US 4770581 A
A unitary thick walled spacer S supports an anchor rod (15) for engagement in an expansion body (6). The tubular spacer S has a first part P of greater diameter than its remaining part P', with the part P' in slide fit engagement in the expansion sleeve (1), and the part P abutting, at its free end, a washer (17) and the head of the anchor rod (15). An annular rim M formed between the parts P and P' of the spacer S, is arranged, prior to use, a distance X from the expansion sleeve (1). As clamping down is performed in a receiving socket, the spacer part P' slides inside the expansion sleeve so progressively closing the gap X. The arrangement is so designed that in any particular application, the rim M at most just barely comes into contact with the expansion sleeve (1) so avoiding uselessly and detrimentally loading the spacer S.
1. An expansion anchor assembly comprising a tubular expansion sleeve having a plurality of slits extending longitudinally of the sleeve from a front end thereof to provide an expansible front portion of said sleeve; a threaded expansion body mounted at said front end of said sleeve and movable longitudinally into said sleeve to expand said front portion of said sleeve; a one-piece tubular spacer member having a front portion of outer diameter slightly less than the inner diameter of said expansion sleeve axially slidably received within a rear end of said expansion sleeve, a rear portion of outer diameter greater than the inner diameter of said expansion sleeve extending a substantial distance longitudinally rearward from a rear end of said expansion sleeve, and an annular shoulder surface connecting said front portion of said rear portion; and an anchor bolt having a head disposed rearwardly of a free end of said rear portion of said spacer member and a shank which extents internally of said spacer member and said expansion sleeve into threaded engagement with said expansion body, said bolt being rotatable to draw said expansion body into said expansion sleeve to effect expansion of said front portion of said expansion sleeve and to slide said front portion of said one-piece tubular spacer member axially within said sleeve toward said expansion body, and wherein said slits, said expansion body, and said front portion of said spacer member are dimensioned in the longitudinal direction of the assembly such that in a fully set condition of said assembly said expansion body is abutted with a free end of said front portion of said spacer member with said annular shoulder surface disposed next to said rear end of said sleeve but no more than barely contacting said rear end of said sleeve.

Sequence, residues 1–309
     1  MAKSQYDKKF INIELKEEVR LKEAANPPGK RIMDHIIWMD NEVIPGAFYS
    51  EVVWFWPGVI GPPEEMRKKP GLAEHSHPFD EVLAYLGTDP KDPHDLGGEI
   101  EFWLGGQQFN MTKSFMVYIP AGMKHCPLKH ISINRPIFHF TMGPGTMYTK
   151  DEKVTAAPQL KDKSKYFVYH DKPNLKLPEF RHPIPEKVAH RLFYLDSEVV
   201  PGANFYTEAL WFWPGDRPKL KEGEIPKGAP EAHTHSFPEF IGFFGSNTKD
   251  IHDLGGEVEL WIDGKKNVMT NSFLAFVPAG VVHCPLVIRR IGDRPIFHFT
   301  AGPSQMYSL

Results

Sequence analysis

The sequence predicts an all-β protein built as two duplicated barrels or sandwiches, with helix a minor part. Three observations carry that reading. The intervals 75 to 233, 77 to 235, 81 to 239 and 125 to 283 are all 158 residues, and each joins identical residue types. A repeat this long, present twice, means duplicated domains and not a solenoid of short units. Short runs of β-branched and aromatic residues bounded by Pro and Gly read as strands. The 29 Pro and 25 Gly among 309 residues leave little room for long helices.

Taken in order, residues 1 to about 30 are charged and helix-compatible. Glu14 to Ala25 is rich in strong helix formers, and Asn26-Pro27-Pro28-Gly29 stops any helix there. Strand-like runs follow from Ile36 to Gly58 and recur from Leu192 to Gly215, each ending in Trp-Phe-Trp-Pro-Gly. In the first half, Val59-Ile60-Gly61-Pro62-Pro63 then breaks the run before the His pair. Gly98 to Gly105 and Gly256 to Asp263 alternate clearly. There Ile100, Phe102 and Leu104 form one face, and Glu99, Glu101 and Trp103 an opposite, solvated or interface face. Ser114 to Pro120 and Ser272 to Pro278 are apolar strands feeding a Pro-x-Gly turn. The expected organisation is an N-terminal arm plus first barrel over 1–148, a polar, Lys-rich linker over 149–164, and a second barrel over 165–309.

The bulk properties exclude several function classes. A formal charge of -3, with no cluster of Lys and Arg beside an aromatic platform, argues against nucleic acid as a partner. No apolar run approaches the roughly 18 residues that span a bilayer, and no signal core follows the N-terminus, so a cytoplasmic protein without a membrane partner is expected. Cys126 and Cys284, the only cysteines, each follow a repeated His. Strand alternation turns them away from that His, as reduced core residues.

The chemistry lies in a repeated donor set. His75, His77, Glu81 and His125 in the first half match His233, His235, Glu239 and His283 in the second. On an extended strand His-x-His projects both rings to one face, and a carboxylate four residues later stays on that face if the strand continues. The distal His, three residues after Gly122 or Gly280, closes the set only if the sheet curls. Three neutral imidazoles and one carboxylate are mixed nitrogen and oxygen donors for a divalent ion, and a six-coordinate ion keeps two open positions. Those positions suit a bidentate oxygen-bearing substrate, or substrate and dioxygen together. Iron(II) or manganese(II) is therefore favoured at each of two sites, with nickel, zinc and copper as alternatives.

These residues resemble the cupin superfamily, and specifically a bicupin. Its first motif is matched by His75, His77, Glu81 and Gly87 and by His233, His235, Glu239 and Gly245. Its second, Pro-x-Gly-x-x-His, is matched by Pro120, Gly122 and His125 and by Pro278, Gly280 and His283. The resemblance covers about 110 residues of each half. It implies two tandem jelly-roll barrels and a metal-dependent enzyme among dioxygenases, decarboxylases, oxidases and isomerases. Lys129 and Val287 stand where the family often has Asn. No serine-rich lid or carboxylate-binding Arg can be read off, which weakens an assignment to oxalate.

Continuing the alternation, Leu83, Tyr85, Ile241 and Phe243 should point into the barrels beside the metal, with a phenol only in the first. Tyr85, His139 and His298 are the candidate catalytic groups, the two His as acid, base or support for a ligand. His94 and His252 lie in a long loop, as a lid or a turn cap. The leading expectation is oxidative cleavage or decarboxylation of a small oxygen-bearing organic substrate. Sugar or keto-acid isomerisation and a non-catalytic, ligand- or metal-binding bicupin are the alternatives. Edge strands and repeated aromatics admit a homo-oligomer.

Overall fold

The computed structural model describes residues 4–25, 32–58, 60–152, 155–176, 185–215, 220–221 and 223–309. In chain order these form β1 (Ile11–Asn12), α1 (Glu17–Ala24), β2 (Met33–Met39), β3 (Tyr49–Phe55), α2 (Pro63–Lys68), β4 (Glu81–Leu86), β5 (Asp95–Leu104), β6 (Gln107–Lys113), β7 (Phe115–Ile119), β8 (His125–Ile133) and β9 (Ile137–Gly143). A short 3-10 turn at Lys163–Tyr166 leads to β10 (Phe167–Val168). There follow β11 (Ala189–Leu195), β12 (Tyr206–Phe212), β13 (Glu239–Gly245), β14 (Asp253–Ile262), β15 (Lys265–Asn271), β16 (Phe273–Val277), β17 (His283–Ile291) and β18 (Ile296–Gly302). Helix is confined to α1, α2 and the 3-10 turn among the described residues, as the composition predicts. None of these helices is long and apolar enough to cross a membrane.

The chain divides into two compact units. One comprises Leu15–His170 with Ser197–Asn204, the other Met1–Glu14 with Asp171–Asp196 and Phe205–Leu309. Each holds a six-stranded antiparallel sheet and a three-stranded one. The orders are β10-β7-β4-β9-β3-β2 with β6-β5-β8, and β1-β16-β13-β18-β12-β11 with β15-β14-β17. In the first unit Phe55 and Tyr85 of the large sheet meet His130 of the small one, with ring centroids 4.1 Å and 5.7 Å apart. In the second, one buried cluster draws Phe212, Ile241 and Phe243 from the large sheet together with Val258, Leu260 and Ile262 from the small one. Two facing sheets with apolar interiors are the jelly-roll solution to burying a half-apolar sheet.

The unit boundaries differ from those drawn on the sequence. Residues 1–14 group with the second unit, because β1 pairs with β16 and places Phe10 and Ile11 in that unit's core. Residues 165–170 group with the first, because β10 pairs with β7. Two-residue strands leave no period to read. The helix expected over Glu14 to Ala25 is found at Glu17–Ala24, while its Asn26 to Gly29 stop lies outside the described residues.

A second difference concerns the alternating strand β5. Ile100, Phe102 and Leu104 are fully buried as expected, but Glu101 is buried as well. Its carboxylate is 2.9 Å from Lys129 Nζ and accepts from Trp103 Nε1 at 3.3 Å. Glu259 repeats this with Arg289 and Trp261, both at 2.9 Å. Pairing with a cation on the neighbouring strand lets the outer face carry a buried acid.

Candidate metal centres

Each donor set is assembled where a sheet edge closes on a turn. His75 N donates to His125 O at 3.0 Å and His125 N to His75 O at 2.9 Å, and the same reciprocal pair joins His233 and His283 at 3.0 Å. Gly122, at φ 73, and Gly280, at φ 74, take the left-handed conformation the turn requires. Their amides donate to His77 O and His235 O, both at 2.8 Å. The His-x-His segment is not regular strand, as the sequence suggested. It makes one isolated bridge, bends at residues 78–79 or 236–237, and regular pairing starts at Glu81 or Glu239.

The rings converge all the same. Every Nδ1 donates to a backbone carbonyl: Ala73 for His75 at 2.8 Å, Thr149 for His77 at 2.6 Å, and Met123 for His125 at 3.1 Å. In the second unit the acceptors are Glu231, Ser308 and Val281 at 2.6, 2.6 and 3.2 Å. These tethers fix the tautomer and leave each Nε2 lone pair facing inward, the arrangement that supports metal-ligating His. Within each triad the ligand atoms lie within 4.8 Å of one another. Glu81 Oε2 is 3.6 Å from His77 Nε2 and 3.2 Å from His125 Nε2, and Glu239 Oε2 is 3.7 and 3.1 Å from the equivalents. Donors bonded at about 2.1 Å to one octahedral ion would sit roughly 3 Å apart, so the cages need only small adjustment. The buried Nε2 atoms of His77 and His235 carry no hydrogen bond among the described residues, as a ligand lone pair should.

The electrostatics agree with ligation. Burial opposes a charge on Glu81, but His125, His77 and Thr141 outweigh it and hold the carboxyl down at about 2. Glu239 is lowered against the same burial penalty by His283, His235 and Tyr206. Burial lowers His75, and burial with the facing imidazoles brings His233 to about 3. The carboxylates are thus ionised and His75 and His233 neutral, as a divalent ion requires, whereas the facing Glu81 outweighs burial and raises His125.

2. An expansion anchor assembly according to claim 1, wherein said rear portion of said spacer member is of substantially the same outer diameter as said expansion sleeve.
3. An expansion anchor assembly according to claim 1, wherein said rear portion of said spacer member is of a length which is substantial in comparison with that of said expansion sleeve.
4. An expansion anchor assembly according to claim 3, wherein the length of said rear portion of said spacer member is at least about the same as that of said expansion sleeve.
The present invention relates to an expansion anchor for setting in a receiving socket.
Such expansion anchors are normally internally threaded for engagement by a threaded anchor bolt. The expansion anchor itself generally comprises an expansion body on which is mounted an expansible body which can be expanded into gripping contact with the receiving socket by means of the expansion body being drawn within the sleeve by the threaded anchor being turned in the expansion body.